Alliance Sportsbook is another testament to the fragile business climate that offshore sportsbooks operate in, especially those servicing the US market. While the shop had a strong industry veteran running the show behind the scenes, it still wasn’t enough to keep this sportsbook afloat.
The situation of a book closing its door and shutting down seems all too common these days. Not only is it tough to run a profitable online sportsbook, but operators have to deal with flaky payment processors, as well as legal threats from foreign governments. However, what happens after the book is in financial trouble, or has been rendered insolvent, is crucially important.
Few sportsbooks go flat-broke, because as they begin to lose their foothold in the market, their business model changes. They look for outside help or, in many cases, make adjustments to the way they treat customers, such as limiting winning players. When things truly hit the fan, they announce their closure, usually seeking a bailout for players via other industry operators. Sportsbooks that go bust do frequently end up granting their players a bailout (a repayment of their balances), but the terms of the deal can vary wildly.
Alliance Sportsbook opened its doors in early 2012 and immediately offered one of the more lucrative deposit bonuses available online. At the time of their creation, the shop was invite-only, something we will get into later in this article. The bookmaker opened their doors with a large 100 percent bonus offer, and claimed to have over a decade of experience on their management team.
Bettors and community sites were skeptical, but this is only natural in an industry that sees so many sportsbooks rise and fall. Newer sportsbooks are especially risky. However, Sportsbook Review was able to verify that the sportsbook did, in fact, have a veteran linesmaker at the helm, and the feedback they received from players was generally positive. Things seemed to be in place and, from the outside looking in, it appeared as though this shop had a chance.
First Signs of Trouble
By early 2013, the firm had moved into its second year. So far, there had been no complaints made about Alliance Sportsbook at SBR, or at any other industry site or forum. A complaint did surface in Feb 2013 though, and this would serve as a preview of things to come.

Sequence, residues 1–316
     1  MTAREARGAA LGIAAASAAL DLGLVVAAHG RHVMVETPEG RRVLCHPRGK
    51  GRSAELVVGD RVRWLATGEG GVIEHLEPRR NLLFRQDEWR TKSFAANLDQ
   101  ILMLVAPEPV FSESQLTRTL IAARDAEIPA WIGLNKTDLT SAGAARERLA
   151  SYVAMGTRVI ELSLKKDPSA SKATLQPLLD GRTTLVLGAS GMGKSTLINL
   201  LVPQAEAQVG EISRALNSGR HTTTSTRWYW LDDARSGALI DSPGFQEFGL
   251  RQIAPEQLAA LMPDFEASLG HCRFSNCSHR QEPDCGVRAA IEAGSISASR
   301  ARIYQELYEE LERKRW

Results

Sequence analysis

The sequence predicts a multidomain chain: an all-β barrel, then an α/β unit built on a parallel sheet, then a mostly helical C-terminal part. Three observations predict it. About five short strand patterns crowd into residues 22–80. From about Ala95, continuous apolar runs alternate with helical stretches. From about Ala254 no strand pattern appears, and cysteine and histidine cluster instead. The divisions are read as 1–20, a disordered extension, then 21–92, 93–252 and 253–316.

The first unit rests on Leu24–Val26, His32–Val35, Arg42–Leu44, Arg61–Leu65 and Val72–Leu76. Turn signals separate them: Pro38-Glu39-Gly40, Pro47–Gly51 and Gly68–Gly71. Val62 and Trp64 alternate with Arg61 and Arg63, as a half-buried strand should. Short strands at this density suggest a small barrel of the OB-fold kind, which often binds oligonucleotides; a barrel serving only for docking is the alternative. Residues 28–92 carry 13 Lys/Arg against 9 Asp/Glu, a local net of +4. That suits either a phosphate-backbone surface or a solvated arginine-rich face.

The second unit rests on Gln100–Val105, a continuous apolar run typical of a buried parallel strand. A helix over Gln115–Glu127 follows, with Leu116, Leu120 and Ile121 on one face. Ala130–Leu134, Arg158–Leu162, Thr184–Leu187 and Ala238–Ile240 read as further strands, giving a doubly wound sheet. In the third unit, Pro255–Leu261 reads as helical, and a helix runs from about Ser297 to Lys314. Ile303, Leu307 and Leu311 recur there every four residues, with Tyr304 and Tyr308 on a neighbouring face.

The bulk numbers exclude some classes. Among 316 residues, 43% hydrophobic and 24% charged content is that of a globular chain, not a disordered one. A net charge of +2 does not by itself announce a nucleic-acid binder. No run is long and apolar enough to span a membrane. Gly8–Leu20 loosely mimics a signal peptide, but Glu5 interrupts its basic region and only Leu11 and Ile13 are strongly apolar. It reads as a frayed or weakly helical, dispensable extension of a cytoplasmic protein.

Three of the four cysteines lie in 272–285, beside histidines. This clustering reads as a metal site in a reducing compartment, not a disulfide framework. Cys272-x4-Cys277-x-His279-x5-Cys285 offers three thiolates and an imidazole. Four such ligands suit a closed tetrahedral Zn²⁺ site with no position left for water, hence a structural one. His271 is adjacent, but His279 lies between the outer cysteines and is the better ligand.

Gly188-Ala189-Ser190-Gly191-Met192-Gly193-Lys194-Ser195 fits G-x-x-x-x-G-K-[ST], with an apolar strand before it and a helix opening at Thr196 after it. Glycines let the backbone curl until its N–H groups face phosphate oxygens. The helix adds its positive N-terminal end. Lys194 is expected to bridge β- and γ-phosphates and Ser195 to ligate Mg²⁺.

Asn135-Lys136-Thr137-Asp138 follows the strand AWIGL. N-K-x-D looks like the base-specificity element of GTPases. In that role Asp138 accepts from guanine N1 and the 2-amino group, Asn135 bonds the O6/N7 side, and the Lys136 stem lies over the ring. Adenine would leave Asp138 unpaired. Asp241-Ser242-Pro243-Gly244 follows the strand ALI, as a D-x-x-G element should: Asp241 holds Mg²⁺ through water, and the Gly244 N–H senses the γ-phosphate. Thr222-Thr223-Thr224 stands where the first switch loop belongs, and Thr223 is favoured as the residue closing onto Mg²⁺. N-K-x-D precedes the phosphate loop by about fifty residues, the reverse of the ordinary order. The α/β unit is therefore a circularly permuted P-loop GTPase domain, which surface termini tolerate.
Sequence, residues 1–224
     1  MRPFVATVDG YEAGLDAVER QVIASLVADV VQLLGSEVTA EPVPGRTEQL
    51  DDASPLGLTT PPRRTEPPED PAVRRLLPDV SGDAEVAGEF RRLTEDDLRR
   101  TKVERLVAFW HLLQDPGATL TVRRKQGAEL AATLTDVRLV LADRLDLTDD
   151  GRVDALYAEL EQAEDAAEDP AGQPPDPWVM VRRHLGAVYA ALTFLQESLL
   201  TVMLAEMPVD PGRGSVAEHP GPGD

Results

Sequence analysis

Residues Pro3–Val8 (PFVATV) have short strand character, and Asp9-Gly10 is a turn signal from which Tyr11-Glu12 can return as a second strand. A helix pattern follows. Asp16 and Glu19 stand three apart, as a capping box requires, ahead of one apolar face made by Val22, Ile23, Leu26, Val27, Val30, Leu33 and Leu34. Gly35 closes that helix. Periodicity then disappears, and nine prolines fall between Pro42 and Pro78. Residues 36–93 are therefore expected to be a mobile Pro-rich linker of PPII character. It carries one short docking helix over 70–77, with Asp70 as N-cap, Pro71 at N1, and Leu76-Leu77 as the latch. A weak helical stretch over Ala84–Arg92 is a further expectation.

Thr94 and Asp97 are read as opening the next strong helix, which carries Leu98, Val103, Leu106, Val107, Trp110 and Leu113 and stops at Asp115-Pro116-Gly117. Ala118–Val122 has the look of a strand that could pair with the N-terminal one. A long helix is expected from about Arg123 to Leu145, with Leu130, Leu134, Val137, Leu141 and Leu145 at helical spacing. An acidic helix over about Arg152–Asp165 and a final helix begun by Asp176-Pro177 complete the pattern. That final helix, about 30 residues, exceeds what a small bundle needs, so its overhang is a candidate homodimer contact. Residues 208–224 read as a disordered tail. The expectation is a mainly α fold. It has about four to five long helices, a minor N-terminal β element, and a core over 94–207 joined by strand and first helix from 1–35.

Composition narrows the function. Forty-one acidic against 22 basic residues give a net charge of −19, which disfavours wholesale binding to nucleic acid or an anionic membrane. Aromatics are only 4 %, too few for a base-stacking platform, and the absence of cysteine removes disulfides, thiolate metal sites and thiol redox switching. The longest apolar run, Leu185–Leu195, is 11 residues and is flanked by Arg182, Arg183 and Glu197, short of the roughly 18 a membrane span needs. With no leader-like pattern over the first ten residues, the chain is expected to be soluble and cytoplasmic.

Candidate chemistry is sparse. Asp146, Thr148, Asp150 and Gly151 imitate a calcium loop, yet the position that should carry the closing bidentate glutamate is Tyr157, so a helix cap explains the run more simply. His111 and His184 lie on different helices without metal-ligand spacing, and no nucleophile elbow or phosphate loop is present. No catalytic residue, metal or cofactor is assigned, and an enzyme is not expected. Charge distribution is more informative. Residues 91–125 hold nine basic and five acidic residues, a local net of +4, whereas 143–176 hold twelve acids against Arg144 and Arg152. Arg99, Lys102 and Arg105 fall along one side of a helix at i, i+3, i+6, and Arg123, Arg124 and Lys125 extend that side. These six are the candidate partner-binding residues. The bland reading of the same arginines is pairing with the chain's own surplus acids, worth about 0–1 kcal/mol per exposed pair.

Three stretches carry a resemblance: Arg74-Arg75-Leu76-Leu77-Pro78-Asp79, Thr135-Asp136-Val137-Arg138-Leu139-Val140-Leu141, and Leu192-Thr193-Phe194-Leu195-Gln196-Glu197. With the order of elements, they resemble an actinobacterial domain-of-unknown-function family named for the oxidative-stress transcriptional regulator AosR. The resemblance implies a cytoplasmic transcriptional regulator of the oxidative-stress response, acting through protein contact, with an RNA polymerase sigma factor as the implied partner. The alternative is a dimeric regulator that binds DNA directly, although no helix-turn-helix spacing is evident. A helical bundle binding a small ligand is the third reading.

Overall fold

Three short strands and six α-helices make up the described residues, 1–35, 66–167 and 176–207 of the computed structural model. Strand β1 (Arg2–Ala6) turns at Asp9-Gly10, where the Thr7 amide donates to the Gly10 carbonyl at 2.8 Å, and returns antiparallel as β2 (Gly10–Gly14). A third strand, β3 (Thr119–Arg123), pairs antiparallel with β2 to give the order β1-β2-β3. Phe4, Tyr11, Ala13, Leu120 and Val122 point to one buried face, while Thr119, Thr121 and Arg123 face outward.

In January 2013, a customer had his account closed with a balance of $15,176 dollars. 25 days later, he was still waiting on a payout, and only after contacting did he start to receive partial payments of his $15k+ balance.
The fact that these came in several increments and that many of them arrived 90 days or more after the request, is especially troubling. Even in mid-May, he had only been paid $7,500 of the balance. We understand that payment processor and legal issues mean that it makes sense to keep financial transactions under certain amounts, but that is no reason for spreading out $7,500 over several months, and across numerous financial transactions.
Alliance Sportsbook was simply slow-paying the player. Perhaps they hated rewarding winners, or paying out on accounts they had closed or limited. Or maybe they just didn’t have the money. Whatever the reason, this was not acceptable.
In an update in early December 2013, SBR once again revisits the players complaint, and shockingly, he had still not been paid in full. Alliance’s management had stated over and over again they would pay the player, and when contacted again, management had this to say: “We have an issue with him but this week… the payout [will be made]”.
As SBR states, the email response was not exactly professional, and did little to ease the concerns of the player in question, or those of other customers who play at the shop. Although many of these players were reportedly invite-only, the sportsbook had eventually opened its doors to the masses. SBR demoted the book to a D+ rating, and the news of their recent payment issues may have been the final nail in the coffin for the sportsbook.